UofG PhD Student is U21 Global 3MT Winner

By Ciaran McGeady

I have always found discussing my research with non-specialists to be a bit of a tightrope walk. If I was careful I could partially convey the value of my work but more often than not I’d make a wrong move and totally alienate people. I would often see genuine interest evaporate as I struggled to put into simple terms what I actually did on a daily basis and why. I wanted to find a clear and concise point-of-entry to my research that I could use whenever I got the ubiquitous question: So what’s your PhD about? When the call for the Three Minute Thesis competition came around – an annual graduate school event aimed at developing academic communication skills - I was keen to apply.

There was a slight issue, however. Apart from thinking about how to make my research more accessible, I would also have to present in front of an audience from across the university. To put it lightly, this terrified me. I signed up anyway, telling myself that three minutes would be over in a flash, and given the calibre of previous winners I didn’t need to worry about getting a place in the final.

The days leading up to the first round were some of the most nerve-wracking of my life! No looming exam or thesis deadline comes close. Thankfully, once the time came and it was my turn to present the nerves subsided. I came second place. I was delighted – and stunned, the other presentations were all brilliant - but daunted at the prospect of doing it all again. With the judges’ comments in mind, I tweaked the talk slightly and presented again in the final round over Zoom. Unbelievably, lightning struck twice and this time I won first place! Although it felt like divine intervention at the time, I have had time to think it over and I believe I made a few decisions that stacked the odds in my favour. Here are a few you might want to consider:

Watch previous years’ winners from the university and beyond. A good ‘3MT’ presentation tends to begin by laying down a central idea which is easily understood by the audience. This serves an entry point. For me, instead of talking in the abstract about motor disability I focussed on one man’s experience of full-body paralysis. It was easy to understand, and set the context and tone for the rest of the presentation.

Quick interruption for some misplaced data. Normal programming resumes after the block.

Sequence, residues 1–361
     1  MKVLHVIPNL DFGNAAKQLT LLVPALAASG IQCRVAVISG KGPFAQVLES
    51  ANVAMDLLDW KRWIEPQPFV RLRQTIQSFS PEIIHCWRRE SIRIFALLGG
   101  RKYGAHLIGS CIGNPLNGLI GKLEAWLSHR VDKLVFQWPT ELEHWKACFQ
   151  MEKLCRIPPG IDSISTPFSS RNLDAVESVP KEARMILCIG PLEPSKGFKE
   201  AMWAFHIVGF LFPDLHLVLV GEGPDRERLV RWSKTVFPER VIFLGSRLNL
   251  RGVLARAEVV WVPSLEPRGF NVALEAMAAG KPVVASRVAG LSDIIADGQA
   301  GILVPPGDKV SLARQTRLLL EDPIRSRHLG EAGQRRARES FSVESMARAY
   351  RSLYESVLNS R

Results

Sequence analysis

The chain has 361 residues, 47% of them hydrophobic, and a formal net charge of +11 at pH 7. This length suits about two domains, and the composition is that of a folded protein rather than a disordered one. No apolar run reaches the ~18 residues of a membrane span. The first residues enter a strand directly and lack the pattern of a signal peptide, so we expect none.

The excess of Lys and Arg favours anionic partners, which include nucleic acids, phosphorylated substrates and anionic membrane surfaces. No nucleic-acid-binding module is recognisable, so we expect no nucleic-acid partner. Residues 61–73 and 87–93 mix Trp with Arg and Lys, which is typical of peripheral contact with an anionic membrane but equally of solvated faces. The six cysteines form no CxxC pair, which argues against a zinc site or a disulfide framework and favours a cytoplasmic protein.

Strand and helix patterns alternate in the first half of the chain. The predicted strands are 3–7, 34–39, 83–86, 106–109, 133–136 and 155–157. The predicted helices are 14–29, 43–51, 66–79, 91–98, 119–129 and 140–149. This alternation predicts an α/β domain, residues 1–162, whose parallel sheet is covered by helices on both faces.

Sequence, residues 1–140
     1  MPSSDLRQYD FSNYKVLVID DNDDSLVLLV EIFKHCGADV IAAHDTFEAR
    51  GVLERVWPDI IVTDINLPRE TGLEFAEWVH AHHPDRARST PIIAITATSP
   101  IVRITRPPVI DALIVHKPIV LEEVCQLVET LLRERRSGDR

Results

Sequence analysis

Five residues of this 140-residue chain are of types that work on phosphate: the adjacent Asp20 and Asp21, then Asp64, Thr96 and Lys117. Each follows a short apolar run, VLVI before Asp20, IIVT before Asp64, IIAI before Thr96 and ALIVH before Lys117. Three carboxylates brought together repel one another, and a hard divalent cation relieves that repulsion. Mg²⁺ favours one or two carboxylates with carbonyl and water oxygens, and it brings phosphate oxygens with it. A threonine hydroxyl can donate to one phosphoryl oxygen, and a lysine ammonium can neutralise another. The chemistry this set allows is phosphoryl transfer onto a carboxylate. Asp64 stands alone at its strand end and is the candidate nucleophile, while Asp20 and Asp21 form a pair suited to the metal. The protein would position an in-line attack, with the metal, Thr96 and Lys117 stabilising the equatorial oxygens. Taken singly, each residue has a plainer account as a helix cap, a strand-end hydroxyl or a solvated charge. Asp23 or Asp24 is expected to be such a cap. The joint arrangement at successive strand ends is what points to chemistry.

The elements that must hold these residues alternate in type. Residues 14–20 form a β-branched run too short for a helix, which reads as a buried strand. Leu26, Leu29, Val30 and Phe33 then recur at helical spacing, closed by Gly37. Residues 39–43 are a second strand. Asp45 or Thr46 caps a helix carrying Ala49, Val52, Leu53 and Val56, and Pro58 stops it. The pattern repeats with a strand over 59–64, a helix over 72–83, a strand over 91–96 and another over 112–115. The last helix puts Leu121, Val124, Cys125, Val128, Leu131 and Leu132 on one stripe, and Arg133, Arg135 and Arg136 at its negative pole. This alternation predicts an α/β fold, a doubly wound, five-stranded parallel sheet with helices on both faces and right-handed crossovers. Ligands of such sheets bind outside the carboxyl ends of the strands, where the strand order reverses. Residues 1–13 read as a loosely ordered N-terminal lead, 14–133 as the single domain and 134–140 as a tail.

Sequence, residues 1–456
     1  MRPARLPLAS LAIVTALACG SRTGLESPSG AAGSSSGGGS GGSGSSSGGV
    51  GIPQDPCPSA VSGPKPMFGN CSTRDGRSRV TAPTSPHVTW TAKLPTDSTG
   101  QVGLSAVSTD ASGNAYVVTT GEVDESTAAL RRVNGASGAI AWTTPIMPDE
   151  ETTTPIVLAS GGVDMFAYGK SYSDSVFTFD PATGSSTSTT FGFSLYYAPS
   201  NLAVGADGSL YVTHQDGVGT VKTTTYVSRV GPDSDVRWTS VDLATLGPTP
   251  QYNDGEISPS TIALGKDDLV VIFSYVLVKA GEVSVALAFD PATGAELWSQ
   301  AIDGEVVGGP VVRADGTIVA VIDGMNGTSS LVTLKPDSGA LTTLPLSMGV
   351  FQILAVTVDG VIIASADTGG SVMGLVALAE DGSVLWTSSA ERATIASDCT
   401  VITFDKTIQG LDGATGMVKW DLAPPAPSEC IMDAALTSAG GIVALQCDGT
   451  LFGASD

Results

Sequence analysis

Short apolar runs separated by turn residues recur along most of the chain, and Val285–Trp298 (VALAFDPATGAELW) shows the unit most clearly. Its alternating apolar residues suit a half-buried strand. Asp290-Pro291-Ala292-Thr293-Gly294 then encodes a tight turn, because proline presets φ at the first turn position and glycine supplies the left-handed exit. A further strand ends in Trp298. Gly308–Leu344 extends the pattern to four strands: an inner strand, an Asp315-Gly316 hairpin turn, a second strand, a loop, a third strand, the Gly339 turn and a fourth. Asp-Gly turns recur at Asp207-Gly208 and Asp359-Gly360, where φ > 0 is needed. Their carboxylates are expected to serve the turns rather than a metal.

Practice every sentence and gesture. Don’t leave anything to chance. Practice in front of other people, especially non-specialists. At first I thought I could dazzle the audience with my expert pronunciation of words like electroencephalography but once I saw my sister’s eyes glaze over I realised this was not the way to go.

What you say is important but so is how you say it. I struggled with this at first. Past winners talked energetically. For me, any attempt to emulate this came across as artificial. I realised I needed to be myself and not play a part. This helped me come across as more genuine.

Record yourself and watch it back. This is something I was reluctant to do because of the cringe-factor. But after I got feedback from colleagues such as, “Why have you changed your voice?” (which was news to me), I understood the need to see myself from the audience’s perspective.

The slide. This is an important part of the judging criteria yet seems overlooked by many contestants. Keep the slide as simple and text-free as possible. I couldn’t believe the number of slides in the heats that looked conference-ready. Every second the audience spends trying to decipher your slide is time they are not listening to your presentation. Go with a simple illustration that’s easy to take in in one glance.

The 3MT experience, the judges’ comments, the advice of colleagues, friends and family, have all, I feel, made me a better, more confident communicator of my research – even ignoring the final result. I’d urge every PhD student to give it a go. There is no way to come away empty handed – you will learn something about yourself. If I can do it you certainly can.


View Ciaran's three minute presentation here.

U21 2020 winner news release and announcement

First published: 22 October 2020

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